January 8, 2011: At the chimney and fireplace store

So although there’s a ton of alternative ways to heat stuff out there (check out  yesterday’s comment/link re compost-pile water heating, for example), I’ve already confessed that I’m a hopeless aesthete, right? So when browsing Cambridge’s Black Magic Chimney and Fireplace store today, do I investigate pellet stoves?

Hell, no. I fall in love with a Vermont Castings stove. Which can be turned on with a remote. So is operational should we lose power.

And it’s so old-fashioned and pretty!

(I’m hopeless.)

Now: anyone want a baby grand piano? (Which is currently occupying the space this coveted stove could go.)

January 7, 2011: Anybody? Anybody?


Here’s the setup: An old house (probably built around 1860) in a densely populated city (Somerville, MA) and an owner (that’s me) who wonders how a future owner will be able to heat this house post-fossil-fuel dependency (currently, we use natural gas to heat water that noisily flows into our radiators.)

Got it?

So: I’m just going to toss out a bunch of words and wait to hear from people:


Wood or corn or pellet stoves?

Anybody? Anybody?

(BTW: Did not mention solar power because a three-story apartment building is right next door/to our South and effectively blocks out the sun most of the winter. BUT if you know something I should know, don’t be shy: Tell me.)

January 2, 2011: Lesson # 1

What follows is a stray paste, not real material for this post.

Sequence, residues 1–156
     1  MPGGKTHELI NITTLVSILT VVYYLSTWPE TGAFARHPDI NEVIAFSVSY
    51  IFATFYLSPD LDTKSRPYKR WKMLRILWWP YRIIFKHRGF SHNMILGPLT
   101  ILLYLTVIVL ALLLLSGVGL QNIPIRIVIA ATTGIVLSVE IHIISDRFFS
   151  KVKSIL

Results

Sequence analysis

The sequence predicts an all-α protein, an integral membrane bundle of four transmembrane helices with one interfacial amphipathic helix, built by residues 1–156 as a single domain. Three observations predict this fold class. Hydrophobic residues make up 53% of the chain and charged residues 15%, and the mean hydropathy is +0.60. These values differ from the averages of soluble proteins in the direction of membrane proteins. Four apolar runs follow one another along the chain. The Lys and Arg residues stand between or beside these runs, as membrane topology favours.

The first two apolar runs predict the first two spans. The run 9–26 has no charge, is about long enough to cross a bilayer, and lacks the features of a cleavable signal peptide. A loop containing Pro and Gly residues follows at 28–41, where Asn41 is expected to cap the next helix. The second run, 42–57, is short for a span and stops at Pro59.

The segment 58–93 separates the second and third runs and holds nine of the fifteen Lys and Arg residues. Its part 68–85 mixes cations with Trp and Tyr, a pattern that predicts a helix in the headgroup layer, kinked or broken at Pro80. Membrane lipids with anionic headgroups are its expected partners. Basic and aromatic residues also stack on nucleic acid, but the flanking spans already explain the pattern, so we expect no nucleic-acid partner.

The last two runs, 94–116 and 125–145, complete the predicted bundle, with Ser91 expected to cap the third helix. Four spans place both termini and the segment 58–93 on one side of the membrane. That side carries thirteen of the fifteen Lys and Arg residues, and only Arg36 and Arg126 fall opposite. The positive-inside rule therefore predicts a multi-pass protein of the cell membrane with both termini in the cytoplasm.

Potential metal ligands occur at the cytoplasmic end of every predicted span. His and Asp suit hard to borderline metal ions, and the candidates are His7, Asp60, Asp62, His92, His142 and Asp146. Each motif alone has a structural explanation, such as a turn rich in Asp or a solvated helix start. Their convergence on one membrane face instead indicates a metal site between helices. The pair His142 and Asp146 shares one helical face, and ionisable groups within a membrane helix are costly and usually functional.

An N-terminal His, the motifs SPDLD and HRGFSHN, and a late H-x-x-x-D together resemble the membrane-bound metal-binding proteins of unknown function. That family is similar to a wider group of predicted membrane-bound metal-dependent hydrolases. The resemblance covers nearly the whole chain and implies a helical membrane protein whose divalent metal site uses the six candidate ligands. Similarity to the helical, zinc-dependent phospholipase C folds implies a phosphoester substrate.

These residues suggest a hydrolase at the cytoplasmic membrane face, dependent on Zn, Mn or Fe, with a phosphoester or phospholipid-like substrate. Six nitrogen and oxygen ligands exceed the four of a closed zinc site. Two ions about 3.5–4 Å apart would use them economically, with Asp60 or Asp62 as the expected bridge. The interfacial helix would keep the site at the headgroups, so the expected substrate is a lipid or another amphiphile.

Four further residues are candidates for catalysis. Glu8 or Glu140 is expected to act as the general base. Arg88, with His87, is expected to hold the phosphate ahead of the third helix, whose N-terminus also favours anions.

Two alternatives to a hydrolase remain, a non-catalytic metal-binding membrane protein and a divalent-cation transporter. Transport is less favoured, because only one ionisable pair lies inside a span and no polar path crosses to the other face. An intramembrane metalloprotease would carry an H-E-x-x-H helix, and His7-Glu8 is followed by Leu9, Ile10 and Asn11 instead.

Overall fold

So a big part of this month-long Light and heat project should be bumping up against those irrational, stuck places in myself, right? And  acknowledging those uncomfortable, oh-that-again moments? Seems necessary. And honest.

So I’ve already discovered that although I thought I wanted to be open to whatever methods are currently available to save energy, my (ridiculous) house-pride/entitlement just might keep me from big-time changes. Like covering my drafty windows with plastic weatherizing. Way too tacky, m’dear! And, besides, just using Saran Wrap’s a huge challenge for non-dextrous me; I seriously doubt I am capable of effectively covering an entire window.

So I walked to Tags, a local, independently-owned hardware store about a mile from my house, to see what the latest, recommended-by-a-salesperson method to plug up leaky windows might be. Which turned out to to be a clear liquid you apply with a caulk gun (My VT daughter had recommended this stuff. You gotta listen to someone from VT, right?). Problem: The package warns that this stuff produces fumes. And, yeah, my windows are not airtight but it is the middle of winter. Everything’s shut tight. So shut tight that I can still detect the slightest whiff of the fish curry we had at Christmas. So, reluctantly, must pass on “the latest.”

So, promising myself to get the liquid sealer in, say, October, and to seal up everything one window at a time—with the back door wide open—I bought rope caulk and, relishing the playing-with-clay/hands-on work, plugged up the most egregious gaps. I’ll wait for a windy day to finish the job.